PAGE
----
If you want to get the attention of preschool and elementary school children, carry around a copy of American Alligator: Ancient Predator in the Modern World by Kelby Ouchley. They'll want to see what you have. Then, when they tell you about the shark books that they borrowed from the library, you can say, "The jaws of an American alligator are much stronger than the jaws of a shark." Watch as their eyes grow big.
Being a publication from the University Press of Florida, however, American Alligator is not aimed at the younger reader. Instead, it is a serious assessment of the state of alligator conservation and the role of the alligator in modern America. The surprisingly good news is that American alligators have recovered from threatened extinction to thrive, thanks to the spread of wildlife preserves, limited hunting seasons, and the rise of alligator ranches to provide most of the hides for the leather goods and meat markets. The troubling news is that alligators have now adapted to urban environments and become pest animals in cities across the South. According to Ouchley, it is not the alligator's fault. People have dumped their overgrown pet alligators into canals, and most human injuries can be attributed to reckless behavior of humans. Normally an alligator wants to stay away from humans.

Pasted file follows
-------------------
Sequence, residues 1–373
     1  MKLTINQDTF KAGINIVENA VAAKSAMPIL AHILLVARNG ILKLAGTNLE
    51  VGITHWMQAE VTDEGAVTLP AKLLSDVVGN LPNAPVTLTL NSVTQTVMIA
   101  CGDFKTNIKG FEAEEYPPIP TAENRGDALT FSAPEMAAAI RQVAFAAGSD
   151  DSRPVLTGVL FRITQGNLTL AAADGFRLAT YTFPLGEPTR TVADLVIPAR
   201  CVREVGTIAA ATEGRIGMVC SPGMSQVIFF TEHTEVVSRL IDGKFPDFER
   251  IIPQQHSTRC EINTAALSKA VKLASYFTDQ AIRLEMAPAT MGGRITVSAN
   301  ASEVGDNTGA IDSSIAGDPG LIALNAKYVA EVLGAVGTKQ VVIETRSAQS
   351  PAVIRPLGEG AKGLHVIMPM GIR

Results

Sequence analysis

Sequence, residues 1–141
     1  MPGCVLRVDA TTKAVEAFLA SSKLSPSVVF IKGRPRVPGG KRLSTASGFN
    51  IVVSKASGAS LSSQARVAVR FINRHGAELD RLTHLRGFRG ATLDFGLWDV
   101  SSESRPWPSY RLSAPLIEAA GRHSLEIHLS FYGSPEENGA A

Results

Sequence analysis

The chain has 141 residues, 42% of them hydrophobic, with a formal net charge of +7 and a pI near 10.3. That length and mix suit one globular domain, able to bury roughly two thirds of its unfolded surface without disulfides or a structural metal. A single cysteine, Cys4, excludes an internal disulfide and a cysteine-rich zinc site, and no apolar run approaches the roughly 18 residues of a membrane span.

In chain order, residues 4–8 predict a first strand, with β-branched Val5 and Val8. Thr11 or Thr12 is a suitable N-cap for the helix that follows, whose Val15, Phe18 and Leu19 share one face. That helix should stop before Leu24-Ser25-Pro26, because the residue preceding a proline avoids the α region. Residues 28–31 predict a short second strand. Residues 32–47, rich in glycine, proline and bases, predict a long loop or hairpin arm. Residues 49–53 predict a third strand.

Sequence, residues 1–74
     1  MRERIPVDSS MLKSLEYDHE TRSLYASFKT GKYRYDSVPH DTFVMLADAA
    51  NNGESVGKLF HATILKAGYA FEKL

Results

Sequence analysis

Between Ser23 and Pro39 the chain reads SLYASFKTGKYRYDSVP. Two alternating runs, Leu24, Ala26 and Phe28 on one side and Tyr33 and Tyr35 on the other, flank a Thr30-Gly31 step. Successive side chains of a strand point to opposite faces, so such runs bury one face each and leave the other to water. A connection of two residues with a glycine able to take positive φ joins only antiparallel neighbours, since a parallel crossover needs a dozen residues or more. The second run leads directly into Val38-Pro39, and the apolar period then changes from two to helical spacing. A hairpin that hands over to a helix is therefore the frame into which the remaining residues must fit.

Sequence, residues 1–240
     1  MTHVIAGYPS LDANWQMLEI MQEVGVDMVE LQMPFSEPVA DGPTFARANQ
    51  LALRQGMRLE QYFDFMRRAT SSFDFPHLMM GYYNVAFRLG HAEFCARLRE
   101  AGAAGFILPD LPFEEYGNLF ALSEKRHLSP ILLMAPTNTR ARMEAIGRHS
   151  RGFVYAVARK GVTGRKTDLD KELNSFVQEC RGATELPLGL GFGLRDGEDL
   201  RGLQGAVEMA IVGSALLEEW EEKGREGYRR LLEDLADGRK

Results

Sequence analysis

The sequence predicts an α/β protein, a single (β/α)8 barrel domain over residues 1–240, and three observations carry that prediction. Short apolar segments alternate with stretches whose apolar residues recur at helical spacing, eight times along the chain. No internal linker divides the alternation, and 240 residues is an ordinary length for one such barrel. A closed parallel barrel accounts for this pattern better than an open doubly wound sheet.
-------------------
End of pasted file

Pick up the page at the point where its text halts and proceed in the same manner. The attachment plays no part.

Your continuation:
With numerous personal touches and good story telling, Ouchley has succeeded in writing an academic press book suitable for general readers. It will appeal to viewers of nature documentaries and students doing animal reports.
Ouchley, Kelby. American Alligator: Ancient Predator in the Modern World. University Press of Florida, 2013. 160p. ISBN 9780813049137.